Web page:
[CT Birds] Snowy Owl "echo flight"?
doncrockett63 at gmail.com
Fri Oct 31 12:19:07 EDT 2014
There were some Snowy Owls that never left the northern northeast this
year. Most usually return to the Arctic but not all this year. The birds
showing up recently may be some of these birds? Not sure.
This winter would be the when you would expect to see an "echo year" for
Snowies. "Echo years" being the year after a peak irruptive year of Snowies
where the numbers of owls is above average but below the peak numbers of
the previous year.
My theory on this is that since most Snowies in a peak year are hatch-year
birds that some of these owls that survive come back to where they were
successful their 1st winter. If you find something that works, keep doing
it! Young birds still benefit from the easier conditions "down south" in
our neck of the northern hemisphere where the winters aren't as severe, the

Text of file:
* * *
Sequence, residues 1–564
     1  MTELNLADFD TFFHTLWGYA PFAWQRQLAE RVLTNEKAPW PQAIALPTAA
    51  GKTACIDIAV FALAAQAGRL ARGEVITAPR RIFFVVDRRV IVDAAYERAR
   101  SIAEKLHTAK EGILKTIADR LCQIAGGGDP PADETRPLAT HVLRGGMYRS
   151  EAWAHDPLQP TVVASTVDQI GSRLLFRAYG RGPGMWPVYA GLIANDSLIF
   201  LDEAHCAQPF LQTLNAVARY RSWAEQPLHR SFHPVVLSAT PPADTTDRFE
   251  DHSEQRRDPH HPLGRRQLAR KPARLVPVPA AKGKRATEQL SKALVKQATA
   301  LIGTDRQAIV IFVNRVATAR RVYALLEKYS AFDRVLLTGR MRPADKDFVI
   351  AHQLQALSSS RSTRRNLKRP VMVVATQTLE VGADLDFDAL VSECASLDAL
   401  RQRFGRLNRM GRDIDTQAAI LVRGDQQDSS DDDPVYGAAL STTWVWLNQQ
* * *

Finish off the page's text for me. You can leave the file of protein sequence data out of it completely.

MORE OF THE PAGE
food is more plentiful/available, and the competition isn't as experienced.
To see an instance of a satellite tracked "echo year" bird check out my
blog post on one of Norm Smith's MassAudubon satellite-tracked snowies from
a few years back:
Where Did the Snowy Owl Released on the Today Show Go?
That bird, trapped at Logan Airport, was fitted with a satellite
transmitter during its hatch year, flew back to the Arctic in Nunavut, and
returned straight back to Logan the following fall. That bird "knew"
exactly where it wanted to spend its 2nd winter if you consider its
We're hoping one or more Project SNOWstorm
return this year and "Call Home" with all their tracking data since
April/May. Fingers crossed that some of the SNOWstorm snowies end up being
P.S. I'll be giving a talk about Project SNOWstorm at the Hartford Audubon
meeting on January 13, 2015. http://hartfordaudubon.org/fpw.htm
Great Blue Media Works, Owner - http://greatblue.com
Project SNOWstorm, Google Maps Wrangler - http://projectsnowstorm.org
New Britain, CT
doncrockett63 (at) gmail.com
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